Anyway, why do I say that Plastic Armour is the most important invention? Well the UK in the 1940’s was a maritime nation. A colossal amount of its daily functions back then was tied up in small craft operating in the UK’s coastal waters. Not just fishing vessels, but transport craft. Southern Britain consumed some 40,000 tons of coal per week, most of which would come by ship from the North. Total number of vessels registered in 1937 was 1479 craft, a year later in 1938 this was reported to Parliament to have risen to 3433 vessels. I hope this gives some scale of how vital coastal trade was to the UK. The Luftwaffe in 1939 and 1940 had a horribly bad record of sinking ships. To do so required a direct hit with a bomb, something not that easy to achieve. However, what the Germans were unable to tell was that even a near miss from a bomb would spray shrapnel across the decks. Equally the Luftwaffe planes would often strafe small vessels. This resulted in significant numbers of casualties. This shook the sailors of these coastal trading craft deeply, as they were a close relatively small community who would often know each other well, and when you get a constant list of dead and badly wounded every day you can see how one might compare this slaughter to receiving pay of just £12 per month, and then knowing that you soon will likely be on the casualty lists. This was leading to a serious undermining and collapse of morale in the merchants. However, the coasting trade was utterly vital to the war effort. Without it Britain could not continue to fight the war.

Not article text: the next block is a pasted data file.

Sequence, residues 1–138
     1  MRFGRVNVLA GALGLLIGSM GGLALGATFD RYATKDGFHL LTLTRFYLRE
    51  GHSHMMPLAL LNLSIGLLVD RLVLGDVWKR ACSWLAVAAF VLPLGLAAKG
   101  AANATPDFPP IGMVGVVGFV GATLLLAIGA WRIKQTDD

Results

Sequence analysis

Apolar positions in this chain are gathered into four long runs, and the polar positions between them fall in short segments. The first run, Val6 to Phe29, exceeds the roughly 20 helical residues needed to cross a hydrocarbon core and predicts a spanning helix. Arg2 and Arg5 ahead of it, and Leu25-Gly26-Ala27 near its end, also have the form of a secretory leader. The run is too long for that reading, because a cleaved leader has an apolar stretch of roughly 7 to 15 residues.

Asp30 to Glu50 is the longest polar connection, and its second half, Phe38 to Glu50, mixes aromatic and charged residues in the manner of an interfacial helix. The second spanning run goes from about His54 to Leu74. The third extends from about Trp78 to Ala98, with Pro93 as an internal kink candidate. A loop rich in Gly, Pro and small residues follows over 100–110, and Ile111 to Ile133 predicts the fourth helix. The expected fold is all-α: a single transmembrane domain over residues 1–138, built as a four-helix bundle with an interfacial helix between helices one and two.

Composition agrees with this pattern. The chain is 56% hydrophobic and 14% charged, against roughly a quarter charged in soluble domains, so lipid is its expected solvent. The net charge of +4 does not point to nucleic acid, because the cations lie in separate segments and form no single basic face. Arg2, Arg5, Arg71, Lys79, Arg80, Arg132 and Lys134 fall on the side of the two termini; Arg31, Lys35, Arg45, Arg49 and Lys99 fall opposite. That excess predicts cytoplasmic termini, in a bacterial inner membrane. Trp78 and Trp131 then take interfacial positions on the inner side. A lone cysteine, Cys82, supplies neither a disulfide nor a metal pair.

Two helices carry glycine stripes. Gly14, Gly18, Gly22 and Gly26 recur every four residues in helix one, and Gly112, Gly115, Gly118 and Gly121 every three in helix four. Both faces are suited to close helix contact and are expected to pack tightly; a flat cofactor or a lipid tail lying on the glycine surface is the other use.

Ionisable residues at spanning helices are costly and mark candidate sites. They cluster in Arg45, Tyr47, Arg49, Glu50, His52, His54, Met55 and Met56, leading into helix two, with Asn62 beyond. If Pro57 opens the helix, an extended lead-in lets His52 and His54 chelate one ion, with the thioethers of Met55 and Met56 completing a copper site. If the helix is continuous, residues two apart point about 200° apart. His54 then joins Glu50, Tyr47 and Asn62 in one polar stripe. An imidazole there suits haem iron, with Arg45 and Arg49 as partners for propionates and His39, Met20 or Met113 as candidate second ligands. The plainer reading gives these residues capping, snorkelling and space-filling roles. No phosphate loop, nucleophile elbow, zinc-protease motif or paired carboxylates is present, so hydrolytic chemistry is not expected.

A HE-115 making a very low level attack on a British Merchant. Despite the low level the bomb still misses.

Protection for these ships was vital. However, armour grade steel was in short supply and needed desperately for warships, tanks and the like. Sandbags were considered, and a few ships so fitted, but the sand would become waterlogged and extremely heavy and thus be unsuitable. Eventually concrete slabs were fitted where they could be, however the concrete was almost worse than an unprotected ship, as it would shatter and spray fragments when hit. An example is the SS Mountpark. Her wheelhouse was protected by standard 2.5-inch thick concrete slabs when she was strafed by enemy aircraft. The concrete shattering produced shrapnel which killed the first officer. At the same time the Road Research Laboratory (RRL) was testing the amount of protection given by concrete slabs. First, they tested a 6in thick slab, 2ft by 2.5ft against a Vickers .50, a weapon of less power than the US M2 .50 which we all think about when you mention that calibre. The first two bullets caused heavy cracking, the third shattered the slab. Next, they fired a .303 rifle against a 6in concrete slab. If the rounds were well spaced out the concrete slab could be expected to withstand 6-8 hits. If four or more were grouped, or hit in a line, the slab would shatter. That was a trial fired against a 6in slab, due to weight concerns only 2.5in slabs were being fitted to ships, and even that could prove too much. In September 1940, the SS Irene Maria had its wheelhouse protected by concrete when a bomb exploded nearby. The shock-wave caused the weight of the slabs to collapse the wheelhouse structure.